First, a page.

On the topic of energy, since retiring, I’ve realized I energized my students, too, more’s the pity. They didn’t need energizing.

Anyway, November, to me, will always be The Month of the Hypoglycemic Cat.

And on a less alarming note, the The Month It Is Cooler, and in 2019, Damp and Drizzly, and Sometimes Even Rainy, Which is Nice.

*

I shouldn’t say this, lest it embarrass him, but in the hospital, Ernest’s legs were shaved so veins could be accessed, and now he looks like a 1950s lady wearing a fur coat with three-quarter sleeves and gauntlet gloves.

Note the elegant tilt of the head.

 

 

The Great Throwing Away or, The Great Unearthing: Toy

“One of the advantages of being disorganized
is that one is always having surprising discoveries.”

~ A. A. Milne

Some of my surprising discoveries during the Great Throwing Away didn’t surprise me, because I knew they were there, waiting to be unearthed. One of those takes me back to the summer I was eight, when my grandmother, Mary Veazey Barrow, spent a month in Del Rio with my family. (To prevent confusion, Veazey was her maiden name.)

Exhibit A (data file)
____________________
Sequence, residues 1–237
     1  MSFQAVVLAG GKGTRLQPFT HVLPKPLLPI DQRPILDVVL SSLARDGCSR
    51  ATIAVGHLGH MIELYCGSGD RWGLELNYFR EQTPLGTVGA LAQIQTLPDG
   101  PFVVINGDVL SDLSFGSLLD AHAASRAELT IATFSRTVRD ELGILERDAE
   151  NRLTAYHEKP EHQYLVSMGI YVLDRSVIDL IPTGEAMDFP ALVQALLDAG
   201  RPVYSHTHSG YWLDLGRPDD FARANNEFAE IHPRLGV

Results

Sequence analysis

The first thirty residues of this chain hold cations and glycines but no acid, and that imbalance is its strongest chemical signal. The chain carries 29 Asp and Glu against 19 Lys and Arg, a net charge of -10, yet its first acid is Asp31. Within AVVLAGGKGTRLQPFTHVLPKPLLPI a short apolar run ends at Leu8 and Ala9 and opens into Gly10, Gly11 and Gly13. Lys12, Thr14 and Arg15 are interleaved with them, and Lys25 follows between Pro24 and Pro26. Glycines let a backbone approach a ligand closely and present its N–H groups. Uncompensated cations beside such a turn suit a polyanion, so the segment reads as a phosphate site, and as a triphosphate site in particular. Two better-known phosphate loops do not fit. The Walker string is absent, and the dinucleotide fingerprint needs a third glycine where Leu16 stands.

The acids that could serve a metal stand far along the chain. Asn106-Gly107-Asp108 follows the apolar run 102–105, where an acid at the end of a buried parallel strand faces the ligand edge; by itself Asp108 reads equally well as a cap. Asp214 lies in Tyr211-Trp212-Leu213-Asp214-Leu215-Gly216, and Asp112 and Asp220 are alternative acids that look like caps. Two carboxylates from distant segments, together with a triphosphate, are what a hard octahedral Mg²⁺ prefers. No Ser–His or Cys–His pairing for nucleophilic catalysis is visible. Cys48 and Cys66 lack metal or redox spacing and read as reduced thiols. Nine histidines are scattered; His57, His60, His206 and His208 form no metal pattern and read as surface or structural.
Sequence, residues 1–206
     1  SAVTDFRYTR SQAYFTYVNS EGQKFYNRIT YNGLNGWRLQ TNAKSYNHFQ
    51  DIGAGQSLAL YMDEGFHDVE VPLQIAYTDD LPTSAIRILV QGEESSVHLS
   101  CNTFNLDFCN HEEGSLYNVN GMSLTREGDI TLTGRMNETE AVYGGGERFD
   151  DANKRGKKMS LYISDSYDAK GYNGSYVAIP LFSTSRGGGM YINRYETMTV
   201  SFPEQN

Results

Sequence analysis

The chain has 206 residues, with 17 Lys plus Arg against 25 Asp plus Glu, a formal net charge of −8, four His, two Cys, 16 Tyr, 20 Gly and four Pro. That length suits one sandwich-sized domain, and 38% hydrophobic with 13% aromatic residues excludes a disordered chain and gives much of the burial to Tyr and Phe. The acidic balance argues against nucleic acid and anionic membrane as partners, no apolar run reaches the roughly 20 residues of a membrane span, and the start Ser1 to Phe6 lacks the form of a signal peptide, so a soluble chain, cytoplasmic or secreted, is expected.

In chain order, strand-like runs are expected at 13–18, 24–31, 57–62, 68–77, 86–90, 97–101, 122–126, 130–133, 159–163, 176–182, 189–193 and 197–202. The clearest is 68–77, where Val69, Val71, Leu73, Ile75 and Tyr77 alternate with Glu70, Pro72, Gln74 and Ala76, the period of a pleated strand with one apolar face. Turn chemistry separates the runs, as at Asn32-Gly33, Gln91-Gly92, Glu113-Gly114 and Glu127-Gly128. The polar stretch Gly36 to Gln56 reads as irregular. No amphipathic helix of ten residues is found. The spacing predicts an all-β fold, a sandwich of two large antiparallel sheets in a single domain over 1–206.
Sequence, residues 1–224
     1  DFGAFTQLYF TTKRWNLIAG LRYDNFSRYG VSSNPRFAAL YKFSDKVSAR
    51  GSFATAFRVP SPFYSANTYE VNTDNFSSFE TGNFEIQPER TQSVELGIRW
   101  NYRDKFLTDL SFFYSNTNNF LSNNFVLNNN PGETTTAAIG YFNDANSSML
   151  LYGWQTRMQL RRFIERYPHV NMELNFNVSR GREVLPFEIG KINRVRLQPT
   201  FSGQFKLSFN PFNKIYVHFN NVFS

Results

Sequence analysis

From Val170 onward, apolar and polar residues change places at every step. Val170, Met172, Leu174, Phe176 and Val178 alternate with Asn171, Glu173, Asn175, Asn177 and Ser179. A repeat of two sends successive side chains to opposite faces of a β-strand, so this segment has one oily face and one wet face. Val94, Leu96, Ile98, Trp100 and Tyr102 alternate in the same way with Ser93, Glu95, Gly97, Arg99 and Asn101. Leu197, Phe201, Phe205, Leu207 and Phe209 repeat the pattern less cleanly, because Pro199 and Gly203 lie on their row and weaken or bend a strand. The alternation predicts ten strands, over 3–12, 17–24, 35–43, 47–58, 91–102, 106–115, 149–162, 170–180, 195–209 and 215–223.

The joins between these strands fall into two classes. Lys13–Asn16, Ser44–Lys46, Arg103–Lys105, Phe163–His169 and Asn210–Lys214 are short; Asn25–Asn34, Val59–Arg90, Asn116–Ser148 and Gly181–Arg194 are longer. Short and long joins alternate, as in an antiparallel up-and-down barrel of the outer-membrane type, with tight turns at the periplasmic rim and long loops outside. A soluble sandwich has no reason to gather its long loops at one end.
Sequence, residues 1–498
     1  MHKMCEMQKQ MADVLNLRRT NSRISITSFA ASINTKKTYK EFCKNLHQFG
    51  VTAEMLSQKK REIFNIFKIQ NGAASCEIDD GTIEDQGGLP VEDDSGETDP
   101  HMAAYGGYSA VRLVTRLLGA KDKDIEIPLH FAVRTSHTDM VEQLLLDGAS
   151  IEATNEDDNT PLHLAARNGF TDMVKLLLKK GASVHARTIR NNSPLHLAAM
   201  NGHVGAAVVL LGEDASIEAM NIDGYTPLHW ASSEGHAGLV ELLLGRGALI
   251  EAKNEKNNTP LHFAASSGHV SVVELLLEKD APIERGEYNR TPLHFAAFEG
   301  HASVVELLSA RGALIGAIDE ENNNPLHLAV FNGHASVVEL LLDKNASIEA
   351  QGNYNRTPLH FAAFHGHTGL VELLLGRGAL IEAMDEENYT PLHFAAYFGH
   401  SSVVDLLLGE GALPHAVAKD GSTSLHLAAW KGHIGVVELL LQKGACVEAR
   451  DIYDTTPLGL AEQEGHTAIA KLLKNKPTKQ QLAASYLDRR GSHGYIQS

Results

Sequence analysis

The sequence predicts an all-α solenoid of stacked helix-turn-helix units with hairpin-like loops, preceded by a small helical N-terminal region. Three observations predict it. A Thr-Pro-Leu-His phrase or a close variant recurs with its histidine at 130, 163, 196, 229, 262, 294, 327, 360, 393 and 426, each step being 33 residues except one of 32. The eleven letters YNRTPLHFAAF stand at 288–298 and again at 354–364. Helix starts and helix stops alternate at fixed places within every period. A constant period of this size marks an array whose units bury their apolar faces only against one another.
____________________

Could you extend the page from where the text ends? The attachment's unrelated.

For a week—it might have been a weekend, but I like to think it was a week—my oldest cousin, Mary Veazey Worden, came from Houston. Those two women were funny, and with my mother in the mix, everything was hilarious. They were more entertaining than any of my child-friends ever could have been.

We (they) spent much of the week making aprons. I don’t know why. I think the material came from feed sacks. I don’t know where we got it, considering we were living in a city and had no farm animals. I presume my mother had saved it from our years in a minute country town. She’d made me several play suits from chicken feed sacks in a green and white pattern. They were comfortable, attractive, and sturdy, and were probably handed down to some smaller child when I outgrew them. Few things last longer than a feed sack.

The highlight of the month was a day trip across the Rio Grande to Piedras Negras.

My family usually went to Ciudad Acuna, only three miles from home. I loved Acuna, because for seventy-five cents, I could buy a ring. The first time I went there, when I was seven, my parents footed the bill, so I bought maracas and a puppet whose strings I never managed to untangle. They bought me a leather jacket with fringe. The maracas weren’t popular at home because I insisted on shaking them, but I loved the coat. It was soft and warm. I felt quite cowboyish in it.